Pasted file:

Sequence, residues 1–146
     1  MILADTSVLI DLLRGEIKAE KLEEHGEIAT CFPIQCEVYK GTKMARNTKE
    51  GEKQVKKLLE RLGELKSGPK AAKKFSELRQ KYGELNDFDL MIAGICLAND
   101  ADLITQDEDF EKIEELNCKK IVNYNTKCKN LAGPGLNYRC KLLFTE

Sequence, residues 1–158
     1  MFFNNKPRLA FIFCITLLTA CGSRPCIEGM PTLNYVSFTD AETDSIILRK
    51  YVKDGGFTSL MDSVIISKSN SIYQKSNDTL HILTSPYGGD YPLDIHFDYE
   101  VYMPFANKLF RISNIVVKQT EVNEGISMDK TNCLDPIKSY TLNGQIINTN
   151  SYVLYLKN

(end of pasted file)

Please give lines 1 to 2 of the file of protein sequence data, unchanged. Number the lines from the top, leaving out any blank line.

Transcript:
Sequence, residues 1–146
     1  MILADTSVLI DLLRGEIKAE KLEEHGEIAT CFPIQCEVYK GTKMARNTKE